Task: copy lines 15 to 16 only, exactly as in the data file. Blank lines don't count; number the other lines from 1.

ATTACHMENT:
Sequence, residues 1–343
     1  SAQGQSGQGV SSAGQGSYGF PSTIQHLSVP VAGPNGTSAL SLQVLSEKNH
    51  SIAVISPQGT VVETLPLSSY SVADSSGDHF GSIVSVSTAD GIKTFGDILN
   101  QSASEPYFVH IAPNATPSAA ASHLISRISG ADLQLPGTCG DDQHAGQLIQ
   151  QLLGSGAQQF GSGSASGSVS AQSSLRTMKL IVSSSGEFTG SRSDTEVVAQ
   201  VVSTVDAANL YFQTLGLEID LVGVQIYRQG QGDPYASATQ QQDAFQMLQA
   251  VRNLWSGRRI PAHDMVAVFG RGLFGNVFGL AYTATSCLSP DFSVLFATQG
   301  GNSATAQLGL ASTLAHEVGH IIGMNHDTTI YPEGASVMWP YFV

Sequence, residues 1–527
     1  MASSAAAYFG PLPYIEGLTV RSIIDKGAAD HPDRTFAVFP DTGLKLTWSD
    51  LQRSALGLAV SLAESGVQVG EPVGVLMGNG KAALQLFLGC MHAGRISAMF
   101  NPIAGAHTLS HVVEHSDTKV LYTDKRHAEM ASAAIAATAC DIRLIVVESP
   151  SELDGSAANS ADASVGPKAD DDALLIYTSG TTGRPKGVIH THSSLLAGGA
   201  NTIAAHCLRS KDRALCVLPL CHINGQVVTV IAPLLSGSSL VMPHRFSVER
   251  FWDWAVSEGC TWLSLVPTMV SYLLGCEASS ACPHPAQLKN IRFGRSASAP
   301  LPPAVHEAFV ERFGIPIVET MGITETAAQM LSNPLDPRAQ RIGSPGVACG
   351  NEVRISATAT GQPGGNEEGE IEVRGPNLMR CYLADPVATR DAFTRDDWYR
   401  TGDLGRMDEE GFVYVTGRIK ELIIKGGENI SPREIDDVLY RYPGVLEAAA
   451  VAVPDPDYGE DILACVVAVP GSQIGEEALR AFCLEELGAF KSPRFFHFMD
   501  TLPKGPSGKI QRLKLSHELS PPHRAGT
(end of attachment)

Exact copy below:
   251  FWDWAVSEGC TWLSLVPTMV SYLLGCEASS ACPHPAQLKN IRFGRSASAP
   301  LPPAVHEAFV ERFGIPIVET MGITETAAQM LSNPLDPRAQ RIGSPGVACG